The reason assigned for reopening is that the petitioner after converting the leasehold land into freehold sold the property within three years after converting the land into freehold resulting into short term capital gain in view of the Karnataka High Court’s decision referred to above. What income is said to have been escaped does not find mention therein. Even assuming for the sake of argument, the income was liable to be taxed as short term gain unless there is any material before the authority concerned that it exceeds the limit of Rs. 1 Lakh, extended period of limitation of six years will not be available to the department. The normal period of limitation is four years for giving the notice under section 148 and where the escaped income is likely to amount to Rs.1 Lakh or more, the extended period of limitation of six years would be attracted. This objection of the petitioner has been rejected by the impugned order on the ground that since the permission has been granted by the Joint/Additional Commissioner, Income Tax, statutory requirement stands fulfilled vide para-3 of the order which is reproduced below:-

“You have also objected that it is not mentioned in the reasons of taking action U/S 148 that the escaped income is more that 100000/-. In this connection this to inform that it is mentioned in notice U/S148 itself that the notice is being issued after proper sanction of Joint/Addl. Commissioner of Income Tax. This fulfills the requirement of law, your have provided the reasons of initiating action U/S148 not computation of income. The computation of income will be provided after proper hearing & giving proper opportunities to be heard.”

The stand of the department as is evident from the above quoted paragraph has no legs to stand. The Joint/Additional Commissioner, Income Tax was not aware about the fact that the income chargeable to tax which has escaped the assessment is Rs.1 Lakh or more for the relevant Assessment Year. The proviso to section 151 (1) fortifies our view which says that after the expiry of four years from the end of the relevant Assessment Year no notice under section 148 shall be issued or unless the Chief Commissioner or Commissioner is satisfied on the reasons recorded by the Assessing Officer that it is a fit case for issue of such notice. On a true and proper constructions of the proviso it is imperative that the Assessing Officer in his reason should state that the escaped income is likely to be Rs.1 Lakh or more so that the Chief Commissioner or the Commissioner may record his satisfaction. The sanctioning authority must be aware that it has exercised power of extended period of limitation under 149 (1) (b) of the Act. Exception has been carved out by clause (b) to section 149(1) in respect the income chargeable to tax which has escaped assessment, amounts to Rs.1 Lakh or more. To fall within exception clause the relevant facts should have been recorded by the Assessing Authority in its order while recording the reason so that a sanctioning authority may apply its mind to the proposition while granting the sanction.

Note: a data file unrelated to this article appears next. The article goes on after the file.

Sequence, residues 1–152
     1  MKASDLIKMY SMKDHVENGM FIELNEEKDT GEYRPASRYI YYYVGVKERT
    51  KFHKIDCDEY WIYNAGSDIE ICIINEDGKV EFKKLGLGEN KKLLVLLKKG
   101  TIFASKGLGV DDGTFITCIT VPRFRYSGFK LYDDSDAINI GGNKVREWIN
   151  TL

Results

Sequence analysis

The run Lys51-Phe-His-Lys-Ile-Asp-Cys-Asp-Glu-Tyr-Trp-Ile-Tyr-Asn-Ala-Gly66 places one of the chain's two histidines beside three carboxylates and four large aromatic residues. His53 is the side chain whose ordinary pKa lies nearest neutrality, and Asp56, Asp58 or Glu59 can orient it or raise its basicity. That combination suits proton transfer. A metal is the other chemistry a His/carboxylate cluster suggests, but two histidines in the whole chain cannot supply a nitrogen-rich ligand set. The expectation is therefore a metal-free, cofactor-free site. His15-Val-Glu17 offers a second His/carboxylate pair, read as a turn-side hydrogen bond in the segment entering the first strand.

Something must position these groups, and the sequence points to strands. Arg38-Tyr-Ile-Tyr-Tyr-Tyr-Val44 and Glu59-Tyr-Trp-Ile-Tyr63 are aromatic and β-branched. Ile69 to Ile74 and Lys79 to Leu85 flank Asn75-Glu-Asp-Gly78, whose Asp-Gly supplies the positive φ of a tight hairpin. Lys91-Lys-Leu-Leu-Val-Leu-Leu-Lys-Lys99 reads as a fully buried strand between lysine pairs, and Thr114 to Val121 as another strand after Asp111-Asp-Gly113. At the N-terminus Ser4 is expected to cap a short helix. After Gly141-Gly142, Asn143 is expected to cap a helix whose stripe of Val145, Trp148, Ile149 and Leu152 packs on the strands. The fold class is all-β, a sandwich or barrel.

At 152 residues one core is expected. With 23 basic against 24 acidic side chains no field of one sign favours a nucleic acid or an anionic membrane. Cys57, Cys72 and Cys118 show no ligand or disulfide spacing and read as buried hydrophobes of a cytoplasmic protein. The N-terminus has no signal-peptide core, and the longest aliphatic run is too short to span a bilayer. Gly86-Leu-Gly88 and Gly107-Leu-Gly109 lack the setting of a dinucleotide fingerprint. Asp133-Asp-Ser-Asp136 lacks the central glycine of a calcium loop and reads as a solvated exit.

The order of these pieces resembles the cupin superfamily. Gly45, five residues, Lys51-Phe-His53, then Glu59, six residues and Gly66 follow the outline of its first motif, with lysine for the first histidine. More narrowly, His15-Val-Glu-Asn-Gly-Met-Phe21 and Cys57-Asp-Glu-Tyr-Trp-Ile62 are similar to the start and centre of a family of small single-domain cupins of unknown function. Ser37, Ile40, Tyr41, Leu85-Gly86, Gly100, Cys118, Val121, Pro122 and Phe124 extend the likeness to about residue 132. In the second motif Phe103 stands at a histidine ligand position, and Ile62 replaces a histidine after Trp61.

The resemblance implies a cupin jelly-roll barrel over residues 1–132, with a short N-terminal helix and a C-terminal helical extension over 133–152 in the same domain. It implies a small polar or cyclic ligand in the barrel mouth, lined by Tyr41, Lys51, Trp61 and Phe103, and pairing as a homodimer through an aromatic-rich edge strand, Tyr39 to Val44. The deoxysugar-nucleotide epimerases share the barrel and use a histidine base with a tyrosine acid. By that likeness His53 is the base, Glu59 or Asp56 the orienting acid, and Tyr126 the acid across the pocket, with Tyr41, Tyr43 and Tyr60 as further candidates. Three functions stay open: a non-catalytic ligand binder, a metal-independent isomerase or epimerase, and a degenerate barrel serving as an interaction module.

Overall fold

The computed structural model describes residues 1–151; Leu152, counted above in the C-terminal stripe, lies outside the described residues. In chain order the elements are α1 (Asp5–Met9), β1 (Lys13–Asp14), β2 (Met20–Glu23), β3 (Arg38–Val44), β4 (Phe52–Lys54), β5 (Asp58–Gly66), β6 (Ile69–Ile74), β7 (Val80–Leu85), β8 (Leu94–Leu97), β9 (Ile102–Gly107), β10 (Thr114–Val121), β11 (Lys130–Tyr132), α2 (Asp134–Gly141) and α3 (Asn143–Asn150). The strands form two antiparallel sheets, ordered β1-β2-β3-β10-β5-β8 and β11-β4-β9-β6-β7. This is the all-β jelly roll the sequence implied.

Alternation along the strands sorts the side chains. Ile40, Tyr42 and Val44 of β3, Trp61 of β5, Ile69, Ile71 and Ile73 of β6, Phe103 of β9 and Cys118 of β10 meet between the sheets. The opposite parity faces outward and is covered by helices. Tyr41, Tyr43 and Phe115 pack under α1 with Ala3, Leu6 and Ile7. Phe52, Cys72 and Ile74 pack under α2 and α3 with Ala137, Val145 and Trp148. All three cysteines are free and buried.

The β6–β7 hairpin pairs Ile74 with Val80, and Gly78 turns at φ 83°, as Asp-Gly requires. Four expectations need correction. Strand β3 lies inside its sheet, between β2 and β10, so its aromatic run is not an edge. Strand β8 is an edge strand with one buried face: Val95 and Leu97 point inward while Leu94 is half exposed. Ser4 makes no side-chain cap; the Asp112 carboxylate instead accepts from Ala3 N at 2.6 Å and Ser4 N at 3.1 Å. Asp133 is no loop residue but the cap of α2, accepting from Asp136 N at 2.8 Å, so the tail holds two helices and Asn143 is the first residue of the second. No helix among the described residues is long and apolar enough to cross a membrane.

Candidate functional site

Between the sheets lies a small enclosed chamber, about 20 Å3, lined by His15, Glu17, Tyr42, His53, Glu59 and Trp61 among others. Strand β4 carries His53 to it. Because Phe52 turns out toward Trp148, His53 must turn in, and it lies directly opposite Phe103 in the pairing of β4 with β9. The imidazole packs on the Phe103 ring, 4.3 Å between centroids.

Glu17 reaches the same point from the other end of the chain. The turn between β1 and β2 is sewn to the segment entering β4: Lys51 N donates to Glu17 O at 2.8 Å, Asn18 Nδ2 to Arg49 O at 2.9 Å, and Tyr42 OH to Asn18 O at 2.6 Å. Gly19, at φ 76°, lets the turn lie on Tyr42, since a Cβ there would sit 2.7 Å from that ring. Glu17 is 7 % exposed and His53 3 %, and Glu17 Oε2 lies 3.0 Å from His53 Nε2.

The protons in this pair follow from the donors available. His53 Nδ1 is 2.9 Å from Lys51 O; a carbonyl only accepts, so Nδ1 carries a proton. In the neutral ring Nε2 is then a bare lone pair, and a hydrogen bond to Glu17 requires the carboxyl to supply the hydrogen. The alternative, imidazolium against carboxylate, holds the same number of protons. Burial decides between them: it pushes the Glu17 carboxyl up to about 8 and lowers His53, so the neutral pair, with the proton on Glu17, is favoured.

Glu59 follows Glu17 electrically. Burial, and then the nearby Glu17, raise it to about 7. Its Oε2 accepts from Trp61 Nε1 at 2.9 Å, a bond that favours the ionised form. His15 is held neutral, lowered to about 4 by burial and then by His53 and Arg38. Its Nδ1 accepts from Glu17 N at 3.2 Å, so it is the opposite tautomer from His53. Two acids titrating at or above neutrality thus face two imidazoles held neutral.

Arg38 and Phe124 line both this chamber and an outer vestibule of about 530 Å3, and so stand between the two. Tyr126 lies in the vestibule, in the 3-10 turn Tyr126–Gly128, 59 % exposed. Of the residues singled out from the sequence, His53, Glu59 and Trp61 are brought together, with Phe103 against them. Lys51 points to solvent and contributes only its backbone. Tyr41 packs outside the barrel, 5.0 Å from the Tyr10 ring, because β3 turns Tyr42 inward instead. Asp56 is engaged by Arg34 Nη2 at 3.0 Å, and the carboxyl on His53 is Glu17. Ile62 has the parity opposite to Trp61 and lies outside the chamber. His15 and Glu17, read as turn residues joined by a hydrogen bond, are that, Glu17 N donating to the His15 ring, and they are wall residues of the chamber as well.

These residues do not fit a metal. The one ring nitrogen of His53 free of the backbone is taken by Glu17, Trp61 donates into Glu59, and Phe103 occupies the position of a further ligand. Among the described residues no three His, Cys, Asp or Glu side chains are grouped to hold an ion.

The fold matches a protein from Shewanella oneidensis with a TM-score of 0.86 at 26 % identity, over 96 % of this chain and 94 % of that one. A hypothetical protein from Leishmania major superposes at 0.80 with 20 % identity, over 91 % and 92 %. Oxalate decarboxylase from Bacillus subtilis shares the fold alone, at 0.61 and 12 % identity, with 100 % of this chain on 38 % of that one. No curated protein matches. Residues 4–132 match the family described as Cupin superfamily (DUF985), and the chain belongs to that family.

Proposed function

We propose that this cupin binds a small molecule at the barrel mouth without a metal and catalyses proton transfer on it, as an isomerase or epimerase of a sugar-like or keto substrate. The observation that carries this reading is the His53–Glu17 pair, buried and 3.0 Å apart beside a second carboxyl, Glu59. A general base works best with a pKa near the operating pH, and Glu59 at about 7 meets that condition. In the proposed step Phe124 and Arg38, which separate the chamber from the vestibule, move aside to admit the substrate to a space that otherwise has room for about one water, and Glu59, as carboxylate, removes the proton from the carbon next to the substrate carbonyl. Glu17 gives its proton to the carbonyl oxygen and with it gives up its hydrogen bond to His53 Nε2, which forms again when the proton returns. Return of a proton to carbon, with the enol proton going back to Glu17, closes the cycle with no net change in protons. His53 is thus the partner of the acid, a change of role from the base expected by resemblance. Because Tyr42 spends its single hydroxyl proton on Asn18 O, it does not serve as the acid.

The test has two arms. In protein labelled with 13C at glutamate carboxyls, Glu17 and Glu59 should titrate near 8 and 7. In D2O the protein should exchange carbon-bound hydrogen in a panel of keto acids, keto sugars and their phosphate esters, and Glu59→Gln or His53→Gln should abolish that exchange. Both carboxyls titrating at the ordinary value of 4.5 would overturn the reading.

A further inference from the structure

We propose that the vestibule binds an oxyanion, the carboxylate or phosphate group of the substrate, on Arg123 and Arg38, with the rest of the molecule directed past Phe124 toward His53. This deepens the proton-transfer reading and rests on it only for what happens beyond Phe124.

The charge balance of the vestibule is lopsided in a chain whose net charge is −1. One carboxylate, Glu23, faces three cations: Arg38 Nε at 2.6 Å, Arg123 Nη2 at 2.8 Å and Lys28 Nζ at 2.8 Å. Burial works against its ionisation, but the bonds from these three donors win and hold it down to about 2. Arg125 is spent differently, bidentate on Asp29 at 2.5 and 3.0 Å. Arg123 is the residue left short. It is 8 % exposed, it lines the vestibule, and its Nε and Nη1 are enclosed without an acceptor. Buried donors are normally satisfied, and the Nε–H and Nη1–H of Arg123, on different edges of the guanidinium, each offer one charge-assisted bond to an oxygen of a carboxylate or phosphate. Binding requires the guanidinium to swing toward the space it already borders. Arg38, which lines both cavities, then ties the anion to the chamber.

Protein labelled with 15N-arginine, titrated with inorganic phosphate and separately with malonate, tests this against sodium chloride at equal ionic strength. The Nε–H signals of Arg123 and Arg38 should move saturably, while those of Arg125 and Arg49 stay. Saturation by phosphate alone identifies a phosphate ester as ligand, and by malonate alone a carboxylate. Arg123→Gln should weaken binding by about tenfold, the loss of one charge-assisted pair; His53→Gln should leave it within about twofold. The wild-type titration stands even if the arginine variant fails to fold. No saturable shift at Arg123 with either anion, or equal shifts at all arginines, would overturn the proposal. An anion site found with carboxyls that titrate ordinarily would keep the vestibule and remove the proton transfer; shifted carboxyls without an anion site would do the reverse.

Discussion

The learned counsel for the department after close of the argument has filed the following judgements for consideration of this Court:-

1. GKN Driveshafts (India) Ltd. Vs. Income Tax Officer and others, 259 ITR, page 18.

2. Dr. H.S. Bawa Vs. CIT, 25 Taxman, 15 (P & H).

3. Vikram Kothari HUF Vs. State of U.P., 10 Taxman, 280 (Alld).

4. Export Credit Guarantee Corporation of India Vs. Addl. Commissioner of Income Tax, 30 Taxman, 211 (Bom).

5. A.C.I.T. Vs. Rajesh Jhavri, 291 ITR, Page 500 (SC).

6. C.C.I.T. Vs. Kanhaiya Lal Kapoor, 147 Taxman, 12 (Alld).

7. Pooran Mal Vs. Director of Inspection, New Delhi, 93, ITR 505.

8. Deep Chand Daga Vs. I.T.O., 77 ITR, 661 (MP).

9. Fisher Xomox Sanmar Ltd. Versus Assistant Commissioner of Income-tax, 294 ITR 620 (Mad.)

None of the judgments referred to above have any connection to the point in issue even remotely. They relate either to the question of non­disclosure of income or failure on the part of the assessee to disclose the income fully or truly and what amounts to “reason to believe an information”. None of these points were urged before us and we failed to understand the filing of the rulings by the counsel as referred to herein above.

The only point urged and pressed before us is whether in absence of anything in the reasons recorded to suggest that the income chargeable to tax which has escaped the assessment is Rs. one lakh or more having not been mentioned the reassessment notice given after four years of the close of the assessment order is valid or not.

For the reasons given above, we find sufficient force in the argument of the learned counsel for the petitioner that on the basis of the reasons recorded by the Assessing Officer, the initiation of the reassessment proceedings relevant to the Assessment Year 2000-2001 by means of the notice dated 23.3.2007 after more than four years is clearly barred by time.

In the result, all the three writ petitions succeed and are allowed and the impugned notices dated 23rd of March, 2007 are hereby quashed.

No order as to costs.

(R.S.Ram (Maurya), J.) (Prakash Krishna, J.)

Order Date :- 17.4.2013

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Category : Income Tax (24919)
Type : Judiciary (9830)
Tags : high court judgments (3939) section 147 (355) section 148 (285)